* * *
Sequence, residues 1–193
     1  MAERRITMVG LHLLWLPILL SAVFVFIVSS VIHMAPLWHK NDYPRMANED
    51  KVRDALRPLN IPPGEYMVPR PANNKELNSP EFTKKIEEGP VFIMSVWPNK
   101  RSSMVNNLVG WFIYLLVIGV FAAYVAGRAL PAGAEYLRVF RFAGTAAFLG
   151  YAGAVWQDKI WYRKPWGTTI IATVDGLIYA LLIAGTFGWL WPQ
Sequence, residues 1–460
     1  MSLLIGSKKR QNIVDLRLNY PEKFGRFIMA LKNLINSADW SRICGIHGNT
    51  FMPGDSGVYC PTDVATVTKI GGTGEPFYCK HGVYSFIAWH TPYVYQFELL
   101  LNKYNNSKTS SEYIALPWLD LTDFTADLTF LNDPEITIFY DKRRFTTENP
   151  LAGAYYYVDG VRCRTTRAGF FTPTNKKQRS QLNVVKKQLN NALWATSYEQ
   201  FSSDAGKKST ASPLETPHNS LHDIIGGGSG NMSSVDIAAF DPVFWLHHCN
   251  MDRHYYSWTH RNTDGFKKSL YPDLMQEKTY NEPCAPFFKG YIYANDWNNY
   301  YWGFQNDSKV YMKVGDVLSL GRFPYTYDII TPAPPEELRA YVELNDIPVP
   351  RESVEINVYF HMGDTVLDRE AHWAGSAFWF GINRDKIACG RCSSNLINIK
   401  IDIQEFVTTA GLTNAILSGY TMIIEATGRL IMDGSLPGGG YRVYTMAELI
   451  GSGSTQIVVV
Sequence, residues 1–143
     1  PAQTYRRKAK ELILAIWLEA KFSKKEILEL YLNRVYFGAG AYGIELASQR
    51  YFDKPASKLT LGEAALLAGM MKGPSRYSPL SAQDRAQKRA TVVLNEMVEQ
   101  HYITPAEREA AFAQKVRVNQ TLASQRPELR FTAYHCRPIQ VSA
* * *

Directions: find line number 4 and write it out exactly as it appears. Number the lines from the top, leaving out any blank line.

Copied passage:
   101  RSSMVNNLVG WFIYLLVIGV FAAYVAGRAL PAGAEYLRVF RFAGTAAFLG